US Enhanced Conservation Easement Tax Incentive
Big news for conservation
Last week the US Congress gave a wonderful year end gift to preservation advocates, protection-oriented landowners and anyone who values natural, wild places. In a bi-partisan vote that reflects Americans’ interest in conservation, irrespective of their other political leanings, both the House and Senate voted to make the “Enhanced Conservation Easement Tax Incentive” permanent and retroactive to the beginning of 2015.
Here’s what that means to American Friends, its partners and US taxpayers who own ecologically-sensitive land, including in Canada.
What is the Conservation Tax Deduction?
The US conservation tax deduction allows a landowner to claim a federal income tax deduction for the value of a donated conservation easement that meets requirements of a qualified conservation contribution — similar to other charitable donations. The value of the conservation easement is generally calculated by determining the difference in property value before and after the conservation easement is registered on title. The landowner donated that amount by restricting the potential future uses of the protected land.
Without the enhanced incentive a landowner could only deduct the value of a conservation easement, up to 30% of his or her adjusted gross income (AGI), for up to six years. (The year of the gift, plus five years of carry forward.)
These former limits meant that taxpayers without high taxable incomes might not be able to fully utilize the charitable deduction associated with an easement gift. It was a serious disincentive for people of more modest means to donate conservation easements, especially in areas where property values have appreciated substantially and/or when a landowner wanted to preserve their land’s natural character by eliminating most or all development. The more future development the landowner foregoes the higher the appraised value of the easement, hence the tax incentive conundrum which has been addressed by the new legislation.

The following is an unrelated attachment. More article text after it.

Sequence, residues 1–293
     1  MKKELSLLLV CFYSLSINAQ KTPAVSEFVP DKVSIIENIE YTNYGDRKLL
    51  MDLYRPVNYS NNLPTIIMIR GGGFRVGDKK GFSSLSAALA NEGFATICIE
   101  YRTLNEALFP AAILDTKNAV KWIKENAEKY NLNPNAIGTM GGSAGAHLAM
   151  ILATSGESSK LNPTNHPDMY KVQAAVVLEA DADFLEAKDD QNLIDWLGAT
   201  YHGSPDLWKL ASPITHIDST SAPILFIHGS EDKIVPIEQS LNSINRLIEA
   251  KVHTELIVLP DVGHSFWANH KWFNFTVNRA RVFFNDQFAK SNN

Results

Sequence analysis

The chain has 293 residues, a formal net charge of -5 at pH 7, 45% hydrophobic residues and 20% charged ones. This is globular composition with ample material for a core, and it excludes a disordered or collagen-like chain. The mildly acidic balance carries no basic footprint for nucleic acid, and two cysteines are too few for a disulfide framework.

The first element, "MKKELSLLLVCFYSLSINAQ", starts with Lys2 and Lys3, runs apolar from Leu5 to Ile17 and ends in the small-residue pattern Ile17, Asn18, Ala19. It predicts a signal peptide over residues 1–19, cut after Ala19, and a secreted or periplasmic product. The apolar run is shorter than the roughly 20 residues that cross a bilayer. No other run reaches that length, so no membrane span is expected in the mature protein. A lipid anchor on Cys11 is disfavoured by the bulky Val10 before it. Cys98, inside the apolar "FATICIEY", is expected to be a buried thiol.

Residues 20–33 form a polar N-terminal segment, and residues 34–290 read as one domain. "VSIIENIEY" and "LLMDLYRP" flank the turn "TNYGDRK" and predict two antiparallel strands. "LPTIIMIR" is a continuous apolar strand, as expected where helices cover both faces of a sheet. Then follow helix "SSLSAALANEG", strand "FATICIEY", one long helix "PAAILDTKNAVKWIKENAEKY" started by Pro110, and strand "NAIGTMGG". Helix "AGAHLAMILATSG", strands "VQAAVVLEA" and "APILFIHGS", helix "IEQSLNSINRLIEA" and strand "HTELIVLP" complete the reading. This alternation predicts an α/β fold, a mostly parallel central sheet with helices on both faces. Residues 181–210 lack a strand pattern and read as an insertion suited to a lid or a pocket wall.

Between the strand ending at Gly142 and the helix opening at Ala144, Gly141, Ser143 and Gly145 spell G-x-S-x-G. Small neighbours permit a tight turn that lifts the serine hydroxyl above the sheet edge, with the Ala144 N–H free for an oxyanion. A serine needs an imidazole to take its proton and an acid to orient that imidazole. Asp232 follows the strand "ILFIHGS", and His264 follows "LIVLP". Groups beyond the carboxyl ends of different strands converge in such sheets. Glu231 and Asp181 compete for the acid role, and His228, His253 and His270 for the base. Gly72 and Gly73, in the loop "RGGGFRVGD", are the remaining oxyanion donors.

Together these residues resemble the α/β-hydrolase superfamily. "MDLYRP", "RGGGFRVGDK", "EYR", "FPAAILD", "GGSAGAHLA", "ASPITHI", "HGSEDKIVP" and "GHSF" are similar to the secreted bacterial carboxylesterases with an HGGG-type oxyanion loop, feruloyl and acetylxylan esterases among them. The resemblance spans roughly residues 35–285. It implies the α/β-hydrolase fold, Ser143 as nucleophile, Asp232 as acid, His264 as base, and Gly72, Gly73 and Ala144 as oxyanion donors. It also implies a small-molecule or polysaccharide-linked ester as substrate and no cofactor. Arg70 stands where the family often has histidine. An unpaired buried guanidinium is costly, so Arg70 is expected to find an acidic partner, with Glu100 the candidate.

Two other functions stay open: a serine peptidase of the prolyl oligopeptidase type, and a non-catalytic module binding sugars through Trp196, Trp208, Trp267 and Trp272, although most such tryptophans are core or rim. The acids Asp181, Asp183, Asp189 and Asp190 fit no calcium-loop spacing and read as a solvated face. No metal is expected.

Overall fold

What is the Enhanced Incentive and How Does it Work?
The enhanced incentive raises both the AGI limit and the length of time over which donor can use the tax deductions. These modifications can make a big difference in the financial bottom-line produced by donating a conservation easement.
Landowners with modest incomes, or who donate conservation easements that are very valuable, will now be able to fully use their deductions and reduce their tax burden. Farmers and ranchers are eligible for even higher deduction allowances.
The specifics of the enhanced deduction:
- Raises the maximum deduction a donor can take for donating a qualified conservation easement from 30% of their adjusted gross income (AGI) in any year to 50%.
- Allows qualified farmers and ranchers to deduct up to 100% of their AGI.
- Increases the number of years over which a donor can take deductions from a donation of a qualified conservation easement from 6 to 16 years.
The newly-approved incentives mean that voluntary land conservation will be even more attractive to US taxpayers who own ecologically important land in Canada; especially those who want to keep their land in their families and therefore need to reduce their Canadian capital gains. Donating a conservation easement to American Friends will decrease the current value of their land, making it less expensive to transfer the property to the next generation. The enhanced tax benefits will greatly improve the overall bottom-line by allowing donors to reduce their US taxes more significantly.
This change will help American Friends, its Canadian partners and the families from the US who are seeking a financially realistic way to retain the natural qualities of their properties. The incentive further leverages philanthropic and government funding to save Canada’s healthy watersheds, wildlife habitat, scenic views, recreational resources and economies based on cottage tourism, hunting and fishing.
Please contact Sandra Tassel, Program Coordinator, for more information about this exciting news. Phone (360) 515-7171 or email@example.com